Figure 2 Ad.5-M7S suppresses proliferation and induces apoptosis of melanoma cells more robustly than wild type Ad.5-mda-7. (A, B) Immortal primary melanocytes (FM-516) and melanoma cell lines (MeWo and RPMI-7951) were infected with Ads expressing either mda-7/IL-24 or M7S at different m.o.i. After 72 hr., cell proliferation (A) and apoptosis (B) were determined by MTT assay and Flowcytometry (Annexin-V/PI- staining), respectively. (C) Western blotting analysis was performed to determine intracellular MDA-7/IL-24 protein levels and PARP cleavage (an indicator of apoptosis). Actin was used as a loading control. Values underneath the blot represent fold-changes in densitometry for MDA-7/IL-24 protein levels using actin as a control. (D) Secretion of MDA-7/IL-24 was determined in infected cell-derived CM using MDA-7/IL-24-specific ELISA. *Statistical significance (p<0.05). Different virus dose indicated as viral particles (VP): 1K: 1000 VP; 2K: 2000 VP.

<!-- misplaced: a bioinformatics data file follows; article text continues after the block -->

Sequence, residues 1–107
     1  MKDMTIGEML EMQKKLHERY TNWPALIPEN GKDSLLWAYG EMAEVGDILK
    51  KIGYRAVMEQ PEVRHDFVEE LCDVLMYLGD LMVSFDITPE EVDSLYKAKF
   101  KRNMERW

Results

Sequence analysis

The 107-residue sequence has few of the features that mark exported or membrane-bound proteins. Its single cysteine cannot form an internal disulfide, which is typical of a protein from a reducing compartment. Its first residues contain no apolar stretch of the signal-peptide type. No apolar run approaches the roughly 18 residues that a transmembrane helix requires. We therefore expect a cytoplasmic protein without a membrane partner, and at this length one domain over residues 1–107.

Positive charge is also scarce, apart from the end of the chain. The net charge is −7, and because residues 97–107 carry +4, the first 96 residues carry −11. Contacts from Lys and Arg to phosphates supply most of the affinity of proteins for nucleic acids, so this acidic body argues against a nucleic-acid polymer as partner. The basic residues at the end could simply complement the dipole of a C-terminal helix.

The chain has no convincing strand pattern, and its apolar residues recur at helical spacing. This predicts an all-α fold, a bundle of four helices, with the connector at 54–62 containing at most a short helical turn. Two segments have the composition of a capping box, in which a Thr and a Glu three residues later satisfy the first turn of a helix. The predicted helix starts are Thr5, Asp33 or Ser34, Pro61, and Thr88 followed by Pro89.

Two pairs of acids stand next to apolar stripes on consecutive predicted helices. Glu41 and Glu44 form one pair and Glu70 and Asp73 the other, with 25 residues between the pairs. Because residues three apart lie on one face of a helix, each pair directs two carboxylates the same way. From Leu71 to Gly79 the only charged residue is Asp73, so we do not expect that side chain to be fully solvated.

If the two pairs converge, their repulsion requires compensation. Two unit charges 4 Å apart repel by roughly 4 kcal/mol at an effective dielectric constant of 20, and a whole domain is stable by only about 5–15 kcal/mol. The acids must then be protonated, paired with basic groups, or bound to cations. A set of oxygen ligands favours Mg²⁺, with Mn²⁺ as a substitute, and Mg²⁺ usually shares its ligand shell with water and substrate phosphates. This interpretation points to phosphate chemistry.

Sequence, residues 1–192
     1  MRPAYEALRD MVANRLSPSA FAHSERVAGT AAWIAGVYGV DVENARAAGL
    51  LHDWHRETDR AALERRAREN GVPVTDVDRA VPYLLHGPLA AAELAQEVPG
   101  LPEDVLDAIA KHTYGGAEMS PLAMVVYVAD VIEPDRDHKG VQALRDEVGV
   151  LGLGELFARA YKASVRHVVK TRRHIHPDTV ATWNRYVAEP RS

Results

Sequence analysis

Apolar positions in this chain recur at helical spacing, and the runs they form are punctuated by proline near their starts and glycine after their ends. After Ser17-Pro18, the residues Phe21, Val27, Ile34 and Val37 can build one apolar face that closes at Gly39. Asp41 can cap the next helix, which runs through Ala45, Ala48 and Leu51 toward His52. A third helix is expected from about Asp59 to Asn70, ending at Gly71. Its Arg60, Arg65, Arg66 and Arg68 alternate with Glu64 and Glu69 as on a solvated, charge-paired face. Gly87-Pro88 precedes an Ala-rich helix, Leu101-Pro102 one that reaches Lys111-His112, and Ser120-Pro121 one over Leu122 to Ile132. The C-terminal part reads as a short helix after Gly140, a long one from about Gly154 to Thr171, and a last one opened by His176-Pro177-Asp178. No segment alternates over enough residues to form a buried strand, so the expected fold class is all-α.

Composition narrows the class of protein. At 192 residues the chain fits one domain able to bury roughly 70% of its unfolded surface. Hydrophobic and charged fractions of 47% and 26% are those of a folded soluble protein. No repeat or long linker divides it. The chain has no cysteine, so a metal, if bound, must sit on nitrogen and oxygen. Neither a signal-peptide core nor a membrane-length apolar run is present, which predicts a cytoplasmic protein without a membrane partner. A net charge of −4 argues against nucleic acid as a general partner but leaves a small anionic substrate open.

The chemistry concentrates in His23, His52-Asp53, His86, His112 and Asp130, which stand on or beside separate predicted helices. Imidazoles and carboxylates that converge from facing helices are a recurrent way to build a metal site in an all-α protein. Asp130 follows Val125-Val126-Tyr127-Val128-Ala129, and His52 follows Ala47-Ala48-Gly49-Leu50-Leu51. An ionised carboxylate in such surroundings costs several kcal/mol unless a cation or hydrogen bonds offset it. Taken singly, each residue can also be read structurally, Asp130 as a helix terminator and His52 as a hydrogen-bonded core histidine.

Figure 3 Ad.5-M7S suppresses proliferation and induces apoptosis of prostate cancer cells more robustly than wild type Ad.5-mda-7. (A, B). Different prostate cancer cells (DU-145 and PC3-ML), and immortal primary prostate epithelial cells (RWPE-1) were infected with Ads expressing either mda-7/IL-24 or M7S (IL-24S) at different m.o.i. After 72 hr., cell proliferation (A) and apoptosis (B) were determined by MTT assay and Flow-cytometry (Annexin-V/PI- staining), respectively. (C) Western blotting analysis was performed to determine intracellular MDA-7/IL-24 protein levels and PARP cleavage. Actin was used as a loading control. Values underneath the blot represent fold-changes in densitometry for MDA-7/IL-24 protein levels using actin as a control. (D) Secretion of MDA-7/IL-24 was determined in infected cell-derived CM using MDA-7/IL-24-specific ELISA. *Statistical significance (p<0.05). Different virus dose indicated as viral particles (VP): 1K: 1000 VP; 2K: 2000 VP.